Skincare and beauty business trade marks

by | Oct 28, 2018 | Legal | 2 comments

In this article, Lisa Win, from Win Trademarks, talks about how to protect your brand. It’s important to understand how a trade mark works so you can make an informed decision about whether or not you get a trade mark for your business.


How does a trade mark protect your business?

Most business owners I talk to have “get a trade mark” somewhere on their to-do list. They know that a trade mark promises to provide some level of legal protection for their business. But most people don’t know exactly what that legal protection is. Getting a trade mark can be an expensive undertaking, so before you take the plunge it’s a good idea to know exactly what protection you’ll get.

Registering your business name

When you start your business you’re required to register your business name with ASIC. While the national registration database may prevent other people from registering the same business name, it does not prevent other businesses from using your business name in another capacity, such as, as a product name, service name or tag line within their own business. So registering your business name does not give you exclusive rights to use that name and does nothing to protect you from other businesses who might want to use your business name in another way. That’s why we have a system for registering trade marks.

What is a trade mark?

A trade mark is defined as “a sign used, or intended to be used, to distinguish goods or services dealt with or provided in the course of trade by a person from goods or services so dealt with by any other person”. This definition is very important and if your trade mark does not meet the requirements then you won’t be able to get it registered. For a more detailed discussion on this topic take a look at my article: What is a Trade Mark?
You probably have a number of potential trade marks in your business: your business name, tag line, logo, product shape or colour, etc. If you want to protect every one of your trade marks then you’ll need to get each of them registered but most businesses make a decision to register the one or two trade marks that are most important to their business.

What protection does a registered trade mark provide?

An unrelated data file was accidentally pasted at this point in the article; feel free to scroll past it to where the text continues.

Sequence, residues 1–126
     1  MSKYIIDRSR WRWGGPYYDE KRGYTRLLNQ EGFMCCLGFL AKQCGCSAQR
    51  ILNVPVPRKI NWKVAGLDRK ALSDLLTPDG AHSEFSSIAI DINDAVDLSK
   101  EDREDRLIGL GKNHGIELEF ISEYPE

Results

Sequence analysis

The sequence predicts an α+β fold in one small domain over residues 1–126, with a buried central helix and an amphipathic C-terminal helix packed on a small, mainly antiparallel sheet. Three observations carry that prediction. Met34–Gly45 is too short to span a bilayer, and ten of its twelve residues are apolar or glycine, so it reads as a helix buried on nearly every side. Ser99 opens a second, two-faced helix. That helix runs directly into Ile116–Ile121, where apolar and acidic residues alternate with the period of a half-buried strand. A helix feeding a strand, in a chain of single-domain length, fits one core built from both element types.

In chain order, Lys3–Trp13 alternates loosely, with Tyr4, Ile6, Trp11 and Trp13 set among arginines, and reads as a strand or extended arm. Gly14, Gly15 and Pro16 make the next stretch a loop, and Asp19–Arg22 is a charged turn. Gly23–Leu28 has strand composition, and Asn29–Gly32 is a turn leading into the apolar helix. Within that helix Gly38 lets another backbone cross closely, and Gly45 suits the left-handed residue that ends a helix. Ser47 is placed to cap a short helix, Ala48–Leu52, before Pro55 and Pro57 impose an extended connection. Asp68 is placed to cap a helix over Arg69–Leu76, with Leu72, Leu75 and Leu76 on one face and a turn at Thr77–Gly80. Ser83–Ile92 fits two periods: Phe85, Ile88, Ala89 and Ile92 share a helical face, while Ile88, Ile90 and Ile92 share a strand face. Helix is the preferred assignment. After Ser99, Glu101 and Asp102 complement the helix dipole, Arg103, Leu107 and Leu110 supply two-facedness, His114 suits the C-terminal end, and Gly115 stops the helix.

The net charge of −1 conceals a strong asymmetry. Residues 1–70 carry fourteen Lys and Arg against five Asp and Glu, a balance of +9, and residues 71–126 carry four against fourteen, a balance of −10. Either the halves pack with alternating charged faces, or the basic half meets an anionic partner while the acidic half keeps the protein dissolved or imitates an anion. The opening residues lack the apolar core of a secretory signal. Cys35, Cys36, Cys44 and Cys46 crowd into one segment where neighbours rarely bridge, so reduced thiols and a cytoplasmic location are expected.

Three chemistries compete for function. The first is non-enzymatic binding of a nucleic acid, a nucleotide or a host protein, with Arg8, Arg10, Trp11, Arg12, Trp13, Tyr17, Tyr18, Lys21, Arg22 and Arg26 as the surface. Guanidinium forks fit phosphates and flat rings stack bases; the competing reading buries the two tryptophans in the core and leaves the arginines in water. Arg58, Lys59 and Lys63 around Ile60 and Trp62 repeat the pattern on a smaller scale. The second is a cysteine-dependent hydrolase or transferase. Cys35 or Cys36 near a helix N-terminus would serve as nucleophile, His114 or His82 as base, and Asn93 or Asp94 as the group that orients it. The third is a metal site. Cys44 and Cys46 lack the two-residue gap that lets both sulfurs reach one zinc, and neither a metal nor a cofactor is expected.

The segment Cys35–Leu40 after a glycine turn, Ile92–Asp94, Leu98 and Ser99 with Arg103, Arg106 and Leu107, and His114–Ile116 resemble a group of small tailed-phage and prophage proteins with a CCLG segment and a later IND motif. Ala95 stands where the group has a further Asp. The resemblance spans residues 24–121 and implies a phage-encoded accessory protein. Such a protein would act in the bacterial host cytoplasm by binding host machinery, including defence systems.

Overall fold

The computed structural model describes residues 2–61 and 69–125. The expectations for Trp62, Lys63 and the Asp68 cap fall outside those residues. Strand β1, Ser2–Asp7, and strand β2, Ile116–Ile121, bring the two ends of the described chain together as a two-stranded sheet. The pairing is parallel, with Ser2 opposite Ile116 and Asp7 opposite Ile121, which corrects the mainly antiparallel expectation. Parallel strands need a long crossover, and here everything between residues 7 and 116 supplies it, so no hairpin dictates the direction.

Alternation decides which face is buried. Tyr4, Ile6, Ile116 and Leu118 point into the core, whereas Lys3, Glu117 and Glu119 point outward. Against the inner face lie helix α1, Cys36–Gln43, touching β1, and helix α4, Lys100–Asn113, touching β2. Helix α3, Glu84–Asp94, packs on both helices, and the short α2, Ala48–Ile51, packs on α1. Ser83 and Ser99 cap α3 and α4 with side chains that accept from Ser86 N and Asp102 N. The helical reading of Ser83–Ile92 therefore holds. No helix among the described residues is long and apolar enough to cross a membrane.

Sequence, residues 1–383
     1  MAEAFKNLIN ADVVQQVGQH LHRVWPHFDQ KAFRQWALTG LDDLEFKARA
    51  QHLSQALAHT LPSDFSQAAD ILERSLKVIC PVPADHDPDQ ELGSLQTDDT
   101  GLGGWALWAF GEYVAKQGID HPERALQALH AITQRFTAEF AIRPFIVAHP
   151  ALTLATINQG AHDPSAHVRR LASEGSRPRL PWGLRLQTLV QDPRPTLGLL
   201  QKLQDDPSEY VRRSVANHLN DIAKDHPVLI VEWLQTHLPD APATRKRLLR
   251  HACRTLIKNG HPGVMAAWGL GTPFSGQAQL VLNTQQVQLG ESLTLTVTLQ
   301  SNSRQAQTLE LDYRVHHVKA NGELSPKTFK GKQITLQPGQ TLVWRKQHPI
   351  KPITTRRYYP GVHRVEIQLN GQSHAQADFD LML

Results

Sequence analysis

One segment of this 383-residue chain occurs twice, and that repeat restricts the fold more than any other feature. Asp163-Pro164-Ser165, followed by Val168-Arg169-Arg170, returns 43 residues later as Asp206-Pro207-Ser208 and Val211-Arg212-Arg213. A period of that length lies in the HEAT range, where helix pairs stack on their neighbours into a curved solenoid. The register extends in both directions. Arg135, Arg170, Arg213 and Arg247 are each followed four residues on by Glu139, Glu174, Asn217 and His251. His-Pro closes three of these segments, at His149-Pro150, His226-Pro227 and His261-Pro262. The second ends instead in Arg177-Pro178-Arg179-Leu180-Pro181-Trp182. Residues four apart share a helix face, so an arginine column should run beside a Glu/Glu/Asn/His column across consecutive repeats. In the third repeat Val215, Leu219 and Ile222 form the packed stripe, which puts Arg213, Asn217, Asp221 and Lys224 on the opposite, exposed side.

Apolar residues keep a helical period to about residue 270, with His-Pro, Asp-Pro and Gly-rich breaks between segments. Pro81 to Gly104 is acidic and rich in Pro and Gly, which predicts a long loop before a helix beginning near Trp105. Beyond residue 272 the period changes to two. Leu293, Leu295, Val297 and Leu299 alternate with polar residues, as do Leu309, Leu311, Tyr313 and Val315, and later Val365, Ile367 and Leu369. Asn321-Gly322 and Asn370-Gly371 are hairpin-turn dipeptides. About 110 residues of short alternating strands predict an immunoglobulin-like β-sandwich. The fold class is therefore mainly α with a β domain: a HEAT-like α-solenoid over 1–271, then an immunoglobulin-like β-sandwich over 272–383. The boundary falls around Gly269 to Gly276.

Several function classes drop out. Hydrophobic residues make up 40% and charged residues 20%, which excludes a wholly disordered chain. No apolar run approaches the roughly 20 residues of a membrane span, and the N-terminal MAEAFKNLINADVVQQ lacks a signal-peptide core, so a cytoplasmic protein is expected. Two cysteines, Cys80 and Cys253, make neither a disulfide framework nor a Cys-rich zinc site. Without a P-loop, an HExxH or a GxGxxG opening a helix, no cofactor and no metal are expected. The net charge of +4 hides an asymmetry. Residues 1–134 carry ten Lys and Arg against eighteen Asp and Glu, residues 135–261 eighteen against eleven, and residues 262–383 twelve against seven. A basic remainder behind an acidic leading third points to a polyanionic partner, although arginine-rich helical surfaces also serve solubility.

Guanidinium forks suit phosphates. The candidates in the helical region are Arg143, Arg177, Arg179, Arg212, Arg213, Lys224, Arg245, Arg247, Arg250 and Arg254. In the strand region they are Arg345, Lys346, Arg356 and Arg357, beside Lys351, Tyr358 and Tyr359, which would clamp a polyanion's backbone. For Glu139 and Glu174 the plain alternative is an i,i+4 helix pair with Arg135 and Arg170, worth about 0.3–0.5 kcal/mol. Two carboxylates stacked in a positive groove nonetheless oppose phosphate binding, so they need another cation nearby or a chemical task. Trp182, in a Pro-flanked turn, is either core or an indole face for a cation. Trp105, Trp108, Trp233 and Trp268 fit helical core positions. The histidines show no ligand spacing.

As the registered owner of a trade mark you have the exclusive right (with some limitations) to use your trade mark as part of your brand for the goods and/or services you have specified on your registration. This means that another business cannot use your trade mark as part of their brand if they’re selling goods or services that are similar to yours.
Having a registered trade mark also allows you to take action against people who have used their trade mark without authorisation.
And finally, a registered trade mark is a form of personal property (like a car) that can be bought or sold. This means that a registered trade mark is an asset of your business that has a value. For many businesses their registered trade marks can be the most valuable assets of the business.
Trade mark registration provides you with legal rights in relation to your brand that you would not have otherwise. But keep in mind that those rights are limited by the details set out in your trade mark application so it’s important to get this step right if you want the best protection possible.

What’s involved in getting a trade mark?

One of the things that holds many people back from getting their trade mark registered is not understanding how the trade marking process works. For example, most people don’t realise that it takes a minimum of seven and a half months to get your trade mark registered. And that’s if the process goes smoothly! Here’s a short guide which sets out what’s involved in getting your trade mark registered. Take a look, it walks you through the process and sets out what happens each step of the way.


Lisa Win comes highly recommended and has worked with a number of skincare brands.
Lisa helps clients by advising whether they can or should trade mark their business name or logo, drafting trade mark specifications to give the best protection possible and managing the trade marking process with IP Australia.
Although you can also apply for a trade mark yourself, I recommend using a Trade Marks Attorney like Lisa to save you hours of research and stress.
For trade mark advice or to find out more about the process and costs involved, you can schedule a consultation with Lisa.


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  1. Jade Pahl

    Hi Jen, i am launching a skincare business this year and i am interested in using a brand name (fragrance free skincare) that plays on the ackronym FFS. i’ve had a trademark lawyer adivse me against using that as a brand name because it’s too descriptive so anyone else could use it and copy me, and that i can’t trademark FFS because its already trademarked, and not to use the ackronym on any packaging because i would be infringing someone elses trademark. i’ve done an australian trademark search and i can see many examples of where different companies have trademarked the same ackronyms but with different typography etc. so i am keen to get a second opinion. would be good to chat, thanks.

    • Jennifer - Skincare Business Foundations

      Hi Jade, thanks for reaching out. I’m not qualified to give legal advice on trade marks, so if you were after a second opinion then I would contact a different trade mark lawyer to see if they had anything other suggestions. Riz from Foundd Legal is great, or Lisa Win from Win Trade Marks. Good luck! Jen


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Jennifer Rudd Skincare Business Foundations 28

Hi, I'm Jen

Founder of Skincare Business Foundations, I help skincare and beauty founders build compliant and ethical brands that last.


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